AIMS AND SCOPE
Science in a digitalized era is open, public, reproducible, and collaborative. This project aimed at fostering the adoption of open practices and multi-site collaborations among Swiss-based psychologists. Although many psychologists recognize the importance of open science and multi-site collaborations, in practice its adoption still faces barriers. Fostering open and collaborative science practices is critical for allowing UNIGE and UZH to meet their digital strategies regarding psychological science, and to take a leading role in shaping the landscape of this scientific field, thereby remaining competitive.
The goals were three-fold:
(a) to get a better understanding of the difficulties Swiss-based psychologists face in adopting open practices;
(b) to create a network of pro-open-science psychologists that share tips and tools, and
(c) to create a platform for the launching of national multi-site studies.
Overall, the project aimed at providing an opportunity to train the new generation of researchers in open science in a sustainable manner, and to create a culture of open, collaborative science among Swiss-based psychologists. To achieve these goals, the following steps were taken:
(1) carrying out a survey to assess the experiences of Swiss-based psychologists with open science and multi-site collaboration (an overview of the main results, such as the graphs below, is available here);
(2) creating a website (www.sopsi.org), a Twitter account, and email newsletter;
(3) organizing two workshops providing targeted training for psychology researchers, addressing the issues revealed in the survey. The first took place in Geneva (01.07.2019) and the second in Zurich (02.07.2019), bringing together around 130 attendees in all from several swiss institutions, including the universities of Zurich, Geneva, Fribourg and the Swiss Distance Learning University. The keynote speakers included Prof. E. J. Wagenmakers (University of Amsterdam and founder of the JASP software) and Dr. Jackie Thompson (University of Bristol). The covered topics ranged from Bayesian statistics to preregistration to Open data and Open materials. The workshop materials are openly available on the Open Science Framework page.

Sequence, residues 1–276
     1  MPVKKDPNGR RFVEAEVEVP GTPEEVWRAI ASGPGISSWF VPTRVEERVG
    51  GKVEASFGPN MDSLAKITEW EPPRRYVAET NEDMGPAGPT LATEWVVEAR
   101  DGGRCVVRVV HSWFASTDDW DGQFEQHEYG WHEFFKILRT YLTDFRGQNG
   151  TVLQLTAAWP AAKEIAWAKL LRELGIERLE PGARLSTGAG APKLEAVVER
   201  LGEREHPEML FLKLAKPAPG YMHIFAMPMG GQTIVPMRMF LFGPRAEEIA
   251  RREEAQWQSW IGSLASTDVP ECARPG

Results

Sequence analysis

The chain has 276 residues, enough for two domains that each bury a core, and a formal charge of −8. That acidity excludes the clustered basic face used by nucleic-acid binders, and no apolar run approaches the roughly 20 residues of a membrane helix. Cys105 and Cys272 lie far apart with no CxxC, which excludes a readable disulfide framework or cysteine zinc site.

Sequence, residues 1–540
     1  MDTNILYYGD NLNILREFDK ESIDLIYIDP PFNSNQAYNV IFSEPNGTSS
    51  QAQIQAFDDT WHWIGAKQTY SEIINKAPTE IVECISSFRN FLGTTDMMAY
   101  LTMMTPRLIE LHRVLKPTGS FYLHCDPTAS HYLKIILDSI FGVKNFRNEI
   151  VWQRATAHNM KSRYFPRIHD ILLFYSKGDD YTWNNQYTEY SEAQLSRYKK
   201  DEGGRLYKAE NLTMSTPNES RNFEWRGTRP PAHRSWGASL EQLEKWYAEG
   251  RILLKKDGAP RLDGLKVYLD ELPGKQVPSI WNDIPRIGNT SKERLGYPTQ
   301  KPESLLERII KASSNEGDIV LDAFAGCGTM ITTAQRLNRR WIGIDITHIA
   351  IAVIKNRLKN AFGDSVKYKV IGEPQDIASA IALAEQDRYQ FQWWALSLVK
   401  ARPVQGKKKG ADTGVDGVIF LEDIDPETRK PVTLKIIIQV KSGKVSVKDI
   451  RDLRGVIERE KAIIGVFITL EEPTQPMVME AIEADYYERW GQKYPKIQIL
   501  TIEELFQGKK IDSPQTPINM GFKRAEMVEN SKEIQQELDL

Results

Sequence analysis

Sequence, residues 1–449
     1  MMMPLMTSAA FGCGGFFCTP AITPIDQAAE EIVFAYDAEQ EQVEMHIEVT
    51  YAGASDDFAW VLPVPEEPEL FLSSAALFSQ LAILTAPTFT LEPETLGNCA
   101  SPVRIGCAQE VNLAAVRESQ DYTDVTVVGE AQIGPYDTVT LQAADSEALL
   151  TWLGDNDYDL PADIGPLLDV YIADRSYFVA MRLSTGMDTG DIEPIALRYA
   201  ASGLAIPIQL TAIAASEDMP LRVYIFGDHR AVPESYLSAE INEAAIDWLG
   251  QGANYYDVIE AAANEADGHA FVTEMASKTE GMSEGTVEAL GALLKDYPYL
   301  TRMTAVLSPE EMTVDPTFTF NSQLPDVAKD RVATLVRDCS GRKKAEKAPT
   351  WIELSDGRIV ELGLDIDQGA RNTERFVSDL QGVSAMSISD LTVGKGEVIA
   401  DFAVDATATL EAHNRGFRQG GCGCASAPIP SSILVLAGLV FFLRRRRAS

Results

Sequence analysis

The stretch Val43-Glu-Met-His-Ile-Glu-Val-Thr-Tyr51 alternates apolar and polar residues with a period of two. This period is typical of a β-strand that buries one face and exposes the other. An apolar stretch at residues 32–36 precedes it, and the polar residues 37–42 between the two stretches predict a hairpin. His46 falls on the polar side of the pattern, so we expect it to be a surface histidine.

New connections between the psychology researchers of the University of Zürich and the University of Geneva were made and will most certainly result in future collaborations related to teaching of open science.
An open science group is in the process of being created at the Psychology department of the University of Geneva, which will then be associated with the open science group in the Psychology department of the University of Zürich.
The project holders, Prof. Vergauwe and Dr Souza, have also joined the international Center for Open Science (organized by Brian Nosek) bringing together grassroot networks in the matter and mapping open science initiatives across the globe.
UNIGE (E. Vergauwe): Psychology researchers at the University of Geneva had not had many opportunities to receive training in open science practices before. This has now changed and they have received training, were able to meet other like-minded and receptive Swiss-based researchers, and were able to discuss with other players in the open science area (a discussion had been set up with library personnel who are involved in open data, as well as with a person involved in data protection and another from the ethical commission). For my personal career, it has given me visibility within the Swiss-based psychology community, and allowed me to create the network that I need for future open science related initiatives.
UZH (A. Souza) : The Open Science Day organized at the University of Zurich was received with great interest by the researchers (Mittelbau) and the professors. Around 80 people joined the workshops. Thanks to the visibility brought bySOPSI, I have now been appointed as a member of the Open Science Group in the Psychology Institute where I continue to contribute to the open science efforts of our department. This includes creating best practice guidelines for sharing of data and materials, creating initiatives for fostering the inclusion of open science in teaching such as establishing prizes to open projects conducted in the department, and more. We are also considering organizing more workshops and debate series, similar to the SOPSI ones, as well as contributing to the general open science strategy of the university as a whole. This will include participation in university-wide commissions and discussions in the near future.